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Cyborg overreview: Startup makes me an "ultrahuman"

ultrahuman cyborg needle
© Ultrahuman, Collage: nextpit

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Ultrahuman calls its customers "cyborgs", selling them sensors that measure glucose from the interstitial tissue via a small hair-like flexible filament just under the skin on a continuous basis. The readings are supposed to revolutionize the nutrition and fitness industries. NextPit spoke with CEO and founder Mohit Kumar to find out more.

Is the banana a healthy snack, yes or no? Proper nutrition is a very broad subject even at second glance. For some people, a banana causes blood sugar levels to rise at an imperceptible level, while for others, they shoot through the roof. On the other hand, it's exactly the other way around with cookies for some, as an Israeli study of nearly 47,000 meals shows.

But if all the nutrition guides are just approximations: How do you get your diet on track? This is an important question especially when, to make matters worse, the reaction to certain foods depends not only on the person's body, but also on its state during the day. For instance, sleep quality or the level of stress.

One promising approach is to continuously measure blood glucose levels. Rumors of an Apple smartwatch with a glucose sensor are not older than the Apple Watch itself for nothing. But even in 2022, optical measurement of blood glucose levels is still several years away from being viable in a commercial device.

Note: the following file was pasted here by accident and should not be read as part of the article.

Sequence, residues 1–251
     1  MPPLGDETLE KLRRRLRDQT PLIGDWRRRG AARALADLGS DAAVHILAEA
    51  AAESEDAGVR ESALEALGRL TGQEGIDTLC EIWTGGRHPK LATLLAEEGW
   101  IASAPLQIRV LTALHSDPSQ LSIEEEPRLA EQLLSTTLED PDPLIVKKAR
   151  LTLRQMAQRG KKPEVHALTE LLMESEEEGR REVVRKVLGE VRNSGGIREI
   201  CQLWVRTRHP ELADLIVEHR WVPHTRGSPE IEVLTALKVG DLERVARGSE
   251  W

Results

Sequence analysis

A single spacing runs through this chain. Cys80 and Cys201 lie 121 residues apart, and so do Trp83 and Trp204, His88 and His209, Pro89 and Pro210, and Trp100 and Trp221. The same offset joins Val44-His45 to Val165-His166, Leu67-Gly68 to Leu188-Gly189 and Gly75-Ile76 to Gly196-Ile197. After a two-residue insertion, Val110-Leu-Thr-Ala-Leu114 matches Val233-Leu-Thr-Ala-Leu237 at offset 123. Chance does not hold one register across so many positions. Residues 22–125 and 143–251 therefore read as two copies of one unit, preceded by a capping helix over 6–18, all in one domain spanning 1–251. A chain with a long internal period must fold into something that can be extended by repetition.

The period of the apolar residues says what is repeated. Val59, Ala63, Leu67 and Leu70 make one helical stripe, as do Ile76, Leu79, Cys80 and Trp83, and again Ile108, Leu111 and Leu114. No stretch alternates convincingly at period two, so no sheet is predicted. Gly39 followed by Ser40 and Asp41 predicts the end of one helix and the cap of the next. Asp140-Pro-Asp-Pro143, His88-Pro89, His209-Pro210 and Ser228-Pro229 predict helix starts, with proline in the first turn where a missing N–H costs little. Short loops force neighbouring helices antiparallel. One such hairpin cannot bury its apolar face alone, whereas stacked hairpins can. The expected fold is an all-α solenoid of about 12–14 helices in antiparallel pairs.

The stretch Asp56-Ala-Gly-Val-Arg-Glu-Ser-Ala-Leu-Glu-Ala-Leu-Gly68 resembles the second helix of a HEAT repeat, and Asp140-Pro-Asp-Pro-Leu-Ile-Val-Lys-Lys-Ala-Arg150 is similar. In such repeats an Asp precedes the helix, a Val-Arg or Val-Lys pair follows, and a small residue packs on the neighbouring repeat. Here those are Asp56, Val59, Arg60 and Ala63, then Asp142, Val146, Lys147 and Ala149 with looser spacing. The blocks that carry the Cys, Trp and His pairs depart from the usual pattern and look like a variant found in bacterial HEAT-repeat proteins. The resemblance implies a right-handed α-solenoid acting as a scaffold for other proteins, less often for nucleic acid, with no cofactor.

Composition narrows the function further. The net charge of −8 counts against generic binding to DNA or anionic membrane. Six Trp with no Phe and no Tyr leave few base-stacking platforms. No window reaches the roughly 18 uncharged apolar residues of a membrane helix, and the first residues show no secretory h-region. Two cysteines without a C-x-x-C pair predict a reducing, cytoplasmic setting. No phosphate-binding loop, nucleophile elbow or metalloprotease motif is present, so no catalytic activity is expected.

Ultrahuman is taking a different approach by transforming its customers into cyborgs. The Indian startup relies on commercially available sensors from the medical sector to continuously measure blood glucose levels, and evaluate and display the results via an app.

The sensors are hidden in a flat sensor that has the diameter of an espresso cup, which can be worn continuously for two weeks at a time as a patch. And now for the hair-raising part: After the sensor is stuck, a small needle will shoot into your tissue at the push of a button and remains embedded for the entire duration of wear. The good news? I will try it out for you soon.

Frau mit Ultrahuman-M1-Sensor
The sensor has the approximate diameter of an espresso cup. / © Ultrahuman

Why use blood glucose as a metric?

Sugar, or more precisely, glucose, is the primary energy source of our body. If sugar is not supplied directly as such, the body obtains it more or less quickly from the food we eat or from the body's various reserves. Our cells use glucose to produce ATP, which in turn makes our muscle fibers contract. A high blood glucose level means that we have a lot of energy available at the moment, while a low blood glucose level makes us feel listless, both physically and mentally, because the brain also requires sugar to function.

This is exactly where Ultrahuman comes in and wants to go one step further from so-called precision nutrition - i.e. from the individually-tailored nutrition plan for the body. CEO Mohit Kumar wants to enable his users to prepare themselves perfectly with the appropriate blood sugar level depending on the upcoming activity, or perhaps to react to the effects of a sumptuous meal.

From precision nutrition to precision lifestyle

While a blood glucose level between 70 and 110 mg/dl is ideal for everyday life, the body also offers increased performance at 80 to 140 mg/dl. And depending on the type of sport, a different kind of preparation is also preferable. For a short, intense HIIT session, for instance, values above 110 mg/dl are ideal, which can be achieved by using a pre-workout drink with short-chain carbohydrates. During a long-distance run, on the other hand, the level should be trending at a lower figure, but should be replenished slowly and continuously through appropriate nutrition.